By Stan Ashbee
Sunny South News
Theo and Esther Slingerland from the Lethbridge Corn Maze were really excited to explore solar power.
“So, they contacted us. We had a program, this is an Enmax contract project. They were able to receive some funding through the CCMC, as well as Growing Forward 2,” said Bryce Allred from Solar Optix, who was on hand this past weekend to celebrate the corn maze going green. He added Enmax contracted his business to install the system, which is 7.5 kilowatts.
“There’s 30 250-watt panels and a 6,000-watt central inverter, which ties the system to the grid. When the sun is shining and they’re using the power, it goes straight to their operation and if they don’t use the power, it goes back onto the grid and they get reimbursed from their retailer,” Allred explained.
“Not only is the corn green at the Lethbridge Corn Maze but so is our electricity. Come check out our 7.5 kilowatt grid-tied solar array on our recently completed barn”, stated corn maze owner Theo Slingerland, in a recent media release.
Solar Optix and the Lethbridge Corn Maze co-hosted the solar energy information event. Shannon Phillips, Alberta minister of environment and parks and minister responsible for the climate change office visited the local tourist attraction over the weekend.
Allred noted any place on the farm using power and when the sun is shining — the system installed will use the solar power.
Southern Alberta farmers, producers and commercial businesses are starting to realize the potential of going green and turning to solar for their energy needs. There’s still funding available from Growing Forward 2, Allred added, and he believes the amount is up to $50,000 per applicant.
“Currently, we have over 600 kilowatts under construction in conjunction with Enmax throughout southern Alberta. Most of them are large ground-mounted systems, so out in the middle of a farmer’s field and we’ll tie them into a pivot irrigation system or we’ll tie into a dairy barn or a feed mill. Anyplace that requires electricity, we can tie into,” Allred said.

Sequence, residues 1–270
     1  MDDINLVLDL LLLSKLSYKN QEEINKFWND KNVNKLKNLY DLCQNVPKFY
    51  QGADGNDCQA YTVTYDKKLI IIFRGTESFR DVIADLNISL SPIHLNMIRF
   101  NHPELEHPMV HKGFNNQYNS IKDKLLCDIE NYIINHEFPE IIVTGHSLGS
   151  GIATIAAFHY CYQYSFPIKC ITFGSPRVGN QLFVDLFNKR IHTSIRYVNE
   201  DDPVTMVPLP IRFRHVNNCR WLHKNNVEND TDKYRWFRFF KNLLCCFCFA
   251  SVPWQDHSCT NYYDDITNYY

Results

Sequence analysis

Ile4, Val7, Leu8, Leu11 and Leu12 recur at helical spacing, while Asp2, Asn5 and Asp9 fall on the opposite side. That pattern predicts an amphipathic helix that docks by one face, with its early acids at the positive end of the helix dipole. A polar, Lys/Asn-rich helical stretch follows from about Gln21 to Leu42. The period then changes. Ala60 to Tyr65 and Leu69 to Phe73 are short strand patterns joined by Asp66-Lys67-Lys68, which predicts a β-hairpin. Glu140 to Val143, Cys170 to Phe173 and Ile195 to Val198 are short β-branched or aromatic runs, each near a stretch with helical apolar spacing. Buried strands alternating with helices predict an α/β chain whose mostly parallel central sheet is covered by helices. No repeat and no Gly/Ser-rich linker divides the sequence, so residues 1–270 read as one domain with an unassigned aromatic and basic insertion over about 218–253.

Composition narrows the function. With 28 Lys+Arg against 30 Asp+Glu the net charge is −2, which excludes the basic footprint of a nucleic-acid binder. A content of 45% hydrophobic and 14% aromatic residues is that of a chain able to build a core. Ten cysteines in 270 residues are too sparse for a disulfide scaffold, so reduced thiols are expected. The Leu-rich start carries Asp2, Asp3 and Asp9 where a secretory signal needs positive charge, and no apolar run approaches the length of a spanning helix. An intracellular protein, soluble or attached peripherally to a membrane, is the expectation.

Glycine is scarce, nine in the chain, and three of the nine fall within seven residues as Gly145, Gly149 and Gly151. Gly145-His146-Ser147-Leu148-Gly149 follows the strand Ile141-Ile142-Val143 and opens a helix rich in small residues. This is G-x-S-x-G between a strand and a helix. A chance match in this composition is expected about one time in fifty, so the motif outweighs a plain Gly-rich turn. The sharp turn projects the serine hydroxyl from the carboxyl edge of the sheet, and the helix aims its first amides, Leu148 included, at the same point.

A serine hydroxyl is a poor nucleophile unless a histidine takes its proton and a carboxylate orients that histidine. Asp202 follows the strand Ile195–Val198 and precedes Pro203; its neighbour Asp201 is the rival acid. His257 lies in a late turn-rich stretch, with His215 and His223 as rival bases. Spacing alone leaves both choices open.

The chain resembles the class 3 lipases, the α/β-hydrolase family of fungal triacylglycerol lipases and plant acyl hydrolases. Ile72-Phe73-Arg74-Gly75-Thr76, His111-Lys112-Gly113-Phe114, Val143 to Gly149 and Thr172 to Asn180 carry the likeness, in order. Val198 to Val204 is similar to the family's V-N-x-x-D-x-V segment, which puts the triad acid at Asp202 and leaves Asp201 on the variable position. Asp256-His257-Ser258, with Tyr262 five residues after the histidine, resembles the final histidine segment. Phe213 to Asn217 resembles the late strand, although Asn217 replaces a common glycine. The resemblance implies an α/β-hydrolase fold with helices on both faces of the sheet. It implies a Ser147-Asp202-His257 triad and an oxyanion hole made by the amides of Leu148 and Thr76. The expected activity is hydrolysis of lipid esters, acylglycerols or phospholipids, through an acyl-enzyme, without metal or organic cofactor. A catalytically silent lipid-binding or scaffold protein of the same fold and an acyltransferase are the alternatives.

Southern Alberta, Phillips said, has a great solar resource and a lot of potential for farms and small businesses to reduce their energy costs.
“This program came about from two different sources of funding. From the department of environment through the Emissions Management Fund, which is funded through my department and through Growing Forward, which is through the agriculture department. We expanded both of those programs earlier this year. It’s great to see some of that is coming to fruition right here in Lethbridge,” Phillips said.
Phillips said the southern Alberta region is definitely going to see growth in solar power because the province has made a commitment to renewable energy and making sure it is supporting farms, businesses and individuals to make solar installations.
“Supporting companies like Solar Optix, who are based in Lethbridge, with those good local jobs. That’s going to be part of the reinvestment of the carbon levy going forward and it’s going to diversify the economy. It’s going to make sure farms and other businesses in southern Alberta are self-sufficient with respect to their electricity,” Phillips added.
This particular project, Phillips noted, was funded through the Growing Forward 2 program, which is a joint federal and provincial program.
“What the provincial government did earlier this year is we expanded some of those funds, so we could have more projects exactly like this one. This is an example of those investments we made earlier in February. We fully intend to be expanding those programs further in the coming months. I encourage farms, irrigation districts and small businesses to keep an eye out for those programs. We’re also, very soon, going to be announcing indigenous solar community programs. We made that commitment in the budget and very soon we will have the specifics on how those will be moving forward,” she said.
In addition, Phillips added, individuals, homeowners and others can look for many of these programs happening in early 2017.
“As we’ve said, the carbon levy will take effect and it will be funding programs like this but also some of the home energy efficiency programs like new programmable thermostats, retrofits and those kinds of things that are quick and easier things for homeowners to do — to reduce their costs and therefore, their energy use,” said Phillips.
Alberta, Phillips said, is well-positioned and southern Alberta has some of the best solar resource in Canada.
“Certainly, some of the best in Canada and the United States. We have an opportunity to move forward on utility-scale solar, on some of these smaller scale, especially on farms and in small , but also for communities. Communities have great rooftop real estate in arenas, soccer centres, other community centres and community halls. There’s an enormous amount of real estate in southern Alberta that can be generating electricity and generating jobs, small business growth and revenues for communities. We’re looking at all of those things going forward into January 2017,” Phillips said.